By Freshta Ghani and Azada*
Today, the United Nations begins a two-day closed-door international meeting on Afghanistan in Doha, Qatar.
UN officials as well as envoys from international organizations and nations are discussing a “common way forward” in dealing with the crisis in Afghanistan and handling the Taliban, a UN spokesman stated. Concerningly, the UN is not revealing who is attending the meeting. Although the UN has said that the Taliban were not invited to this summit, many in Afghanistan are worried that the agenda will include discussing international recognition of the Taliban.
Two weeks ago, alarms were raised that the UN is preparing to welcome the Taliban back into the world community when Amina Mohammad, the UN’s deputy secretary-general, referenced the Doha meetings, saying, “We hope that we’ll find those baby steps to put us back on the pathway to recognition [of the Taliban], a principled recognition.”
Mohammad’s statements were widely reported and sparked immediate outrage from women’s groups both inside and outside Afghanistan. On Saturday, April 29, a group of women demonstrated in Kabul against Mohammad’s comments as well as this week’s meeting. They chanted slogans of “Recognition of Taliban for the murder of women” and “The meeting in Doha is the repetition of past mistakes.”
Laila Basim, one of the women who protested on Saturday, tells Zan Times that the women demonstrators organized demonstrations in multiple places so that the Taliban could not prevent all of their demonstrations from taking place. “We took to the streets to tell the world that we women of Afghanistan exist, we are fighting for our rights,” she says. “The purpose of our demonstration was to oppose recognizing the Taliban. We are angry that an impartial organization, whose duty is to defend human rights, is defending zealots who are implementing gender apartheid in Afghanistan and why [the UN] raises the issue of recognizing the Taliban,” she says.
Shamail Naseri, another of Saturday’s protesters, tells Zan Times, “If the UN thinks that, by recognizing the Taliban, the rights of women and ethnic and religious minorities in Afghanistan will be secured, this is a false hope; the Taliban has always violated all their promises that they give in international meetings.”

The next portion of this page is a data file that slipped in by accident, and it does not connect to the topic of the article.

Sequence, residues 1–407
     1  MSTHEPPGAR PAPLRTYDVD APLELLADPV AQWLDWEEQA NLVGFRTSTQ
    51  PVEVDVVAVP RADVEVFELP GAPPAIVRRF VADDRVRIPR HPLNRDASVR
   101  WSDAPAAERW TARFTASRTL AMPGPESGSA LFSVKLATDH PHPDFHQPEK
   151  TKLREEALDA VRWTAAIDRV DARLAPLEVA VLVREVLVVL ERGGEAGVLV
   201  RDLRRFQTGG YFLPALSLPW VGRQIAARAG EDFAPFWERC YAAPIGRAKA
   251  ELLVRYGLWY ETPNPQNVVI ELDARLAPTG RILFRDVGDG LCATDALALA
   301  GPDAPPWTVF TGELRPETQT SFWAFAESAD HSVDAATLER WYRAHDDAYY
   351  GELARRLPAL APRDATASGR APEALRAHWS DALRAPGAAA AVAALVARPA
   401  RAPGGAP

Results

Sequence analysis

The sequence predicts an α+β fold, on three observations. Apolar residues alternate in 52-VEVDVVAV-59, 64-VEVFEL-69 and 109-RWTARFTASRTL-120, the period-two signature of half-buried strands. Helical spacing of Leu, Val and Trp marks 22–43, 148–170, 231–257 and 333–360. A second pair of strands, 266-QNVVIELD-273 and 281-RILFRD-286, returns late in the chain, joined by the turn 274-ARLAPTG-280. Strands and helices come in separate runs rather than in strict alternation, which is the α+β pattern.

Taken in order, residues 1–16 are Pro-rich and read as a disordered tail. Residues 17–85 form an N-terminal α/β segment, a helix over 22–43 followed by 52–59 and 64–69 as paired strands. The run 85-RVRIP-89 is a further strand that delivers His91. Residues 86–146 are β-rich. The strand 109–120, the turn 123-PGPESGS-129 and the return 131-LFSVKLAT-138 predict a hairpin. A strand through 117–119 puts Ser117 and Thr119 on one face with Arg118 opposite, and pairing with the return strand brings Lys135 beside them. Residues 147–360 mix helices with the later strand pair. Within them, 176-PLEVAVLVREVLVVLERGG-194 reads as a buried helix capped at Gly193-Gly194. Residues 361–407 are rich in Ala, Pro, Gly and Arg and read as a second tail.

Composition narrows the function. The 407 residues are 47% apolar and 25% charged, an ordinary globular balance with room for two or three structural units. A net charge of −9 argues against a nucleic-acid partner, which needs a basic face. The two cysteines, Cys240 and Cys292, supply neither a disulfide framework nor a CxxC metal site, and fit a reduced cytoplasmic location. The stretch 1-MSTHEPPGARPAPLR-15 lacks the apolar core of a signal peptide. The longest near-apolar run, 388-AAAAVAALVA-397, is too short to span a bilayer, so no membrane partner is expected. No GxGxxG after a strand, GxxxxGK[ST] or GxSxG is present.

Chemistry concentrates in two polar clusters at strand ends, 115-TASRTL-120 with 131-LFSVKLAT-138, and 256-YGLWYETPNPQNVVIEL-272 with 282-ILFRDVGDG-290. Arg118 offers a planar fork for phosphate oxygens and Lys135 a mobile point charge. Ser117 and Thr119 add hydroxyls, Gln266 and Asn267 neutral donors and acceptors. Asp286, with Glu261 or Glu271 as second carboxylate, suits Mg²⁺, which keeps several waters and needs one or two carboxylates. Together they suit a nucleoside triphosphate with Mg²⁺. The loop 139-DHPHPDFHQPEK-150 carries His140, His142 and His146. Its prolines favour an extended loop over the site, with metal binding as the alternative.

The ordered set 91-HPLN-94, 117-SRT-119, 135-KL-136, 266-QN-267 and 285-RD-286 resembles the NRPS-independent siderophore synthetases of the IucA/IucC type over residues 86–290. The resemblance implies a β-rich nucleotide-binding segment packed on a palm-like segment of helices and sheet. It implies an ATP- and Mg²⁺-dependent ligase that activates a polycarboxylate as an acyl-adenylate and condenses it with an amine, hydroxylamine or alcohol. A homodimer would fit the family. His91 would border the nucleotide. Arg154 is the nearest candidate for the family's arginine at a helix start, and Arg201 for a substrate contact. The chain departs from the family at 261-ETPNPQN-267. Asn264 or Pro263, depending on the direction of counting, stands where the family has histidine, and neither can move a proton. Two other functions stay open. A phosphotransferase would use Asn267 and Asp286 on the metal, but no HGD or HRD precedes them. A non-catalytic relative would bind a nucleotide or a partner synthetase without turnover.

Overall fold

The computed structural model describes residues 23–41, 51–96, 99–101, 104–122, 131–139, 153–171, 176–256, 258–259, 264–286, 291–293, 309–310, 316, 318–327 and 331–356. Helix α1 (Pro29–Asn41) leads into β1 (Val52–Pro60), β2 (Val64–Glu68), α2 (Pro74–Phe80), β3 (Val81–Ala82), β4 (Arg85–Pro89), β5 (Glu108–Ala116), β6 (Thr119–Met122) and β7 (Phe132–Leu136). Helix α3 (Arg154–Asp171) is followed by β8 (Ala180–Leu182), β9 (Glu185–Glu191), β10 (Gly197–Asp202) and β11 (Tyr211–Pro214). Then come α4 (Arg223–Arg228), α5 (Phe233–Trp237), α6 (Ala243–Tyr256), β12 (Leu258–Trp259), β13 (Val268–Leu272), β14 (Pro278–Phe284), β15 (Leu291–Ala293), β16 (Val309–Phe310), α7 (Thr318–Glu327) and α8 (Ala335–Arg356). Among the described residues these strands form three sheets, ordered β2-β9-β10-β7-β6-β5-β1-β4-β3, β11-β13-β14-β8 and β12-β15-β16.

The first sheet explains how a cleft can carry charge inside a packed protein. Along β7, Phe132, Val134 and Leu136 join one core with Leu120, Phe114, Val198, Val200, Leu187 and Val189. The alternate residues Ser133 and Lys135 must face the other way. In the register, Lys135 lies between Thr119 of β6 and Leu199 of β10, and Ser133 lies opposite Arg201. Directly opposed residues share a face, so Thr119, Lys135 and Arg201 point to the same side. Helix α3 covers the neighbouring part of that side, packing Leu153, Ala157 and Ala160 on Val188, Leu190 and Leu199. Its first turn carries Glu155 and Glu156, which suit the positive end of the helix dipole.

The women ended their demonstration by reading a resolution aimed at the international community, including the UN: “Recognizing the rule of the Taliban is recognizing terrorism. The way of interaction should always be open, but interaction is not a ‘selling out.’ Do not sell out the fate of 30 million people.”
“The position of the United Nations against the anti-human behaviour and hostile policies of the Taliban against the people of the country, especially women, should be clear, decisive and persistent, and there should not be a selective and case-by-case approach to ensure women’s rights,” continued the resolution.
In the past weeks, a number of women activists and civil society activists from inside and outside of Afghanistan have written several open letters to the UN Secretary General and UN member states condemning the violation of women’s human rights and the UN’s position. In one of these open letters, signed by nearly 70 activists and 55 organizations, is stated: “We strongly request the United Nations to stand up and insist on its principles and call on the Taliban to withdraw policies that trample women’s rights, including the immediate lifting of the ban on women’s work in the UN.” Also, in support of the demands of women’s demonstrations, the letter states: “We support the demand of the protesting women inside Afghanistan to suspend the activities of the UN in this country until women are allowed to return to work.”
Meanwhile, women activists launched the #NotoTaliban campaign on social media. Afghan refugees came to the streets to express their disgust with the Taliban and to ask the international community not to recognize the Taliban on Sunday in Pakistan and Europe.
Fatima Etimadi, a demonstration organizer in Islamabad, Pakistan, says that the voice of Afghan women’s struggle against the Taliban will not be silenced. “The Taliban took away my job and my peace in Afghanistan. They forced me into exile, I have lost my home and my habitat, so I will never back down,” she tells Zan Times.
One of the women demonstrators in Islamabad was critical of the UN policy of issuing statements against Taliban policies but not following up with action. “The United Nations has a double standard towards the people and women of Afghanistan. They treat the Taliban very gently. They ignore many cases of human rights violations of women in Afghanistan. It is disturbingly worrying for us that, until this time, the UN was completely silent,” says Fawzia Wahdat. “Schools got closed, universities, recreation centres and parks were closed to women. At every step, the United Nations did nothing except issuing statements, just like the protesting women who have no means except to protest and issue statements. Unfortunately, they did not behave responsibly until their own employees were banned from work. That’s when they issued a resolution. It is clear that the politics of the UN is not honest and consistent towards Afghan women.”
“The women of Afghanistan will raise their voices in different ways despite all the difficulties. Protest is not just going to the street,” says Fawzia Wahdat. “A woman who sings and plays music in her room is a form of protest against Talib. Our struggles will continue.”
*Azada is a pen name for a freelance journalist living in Afghanistan.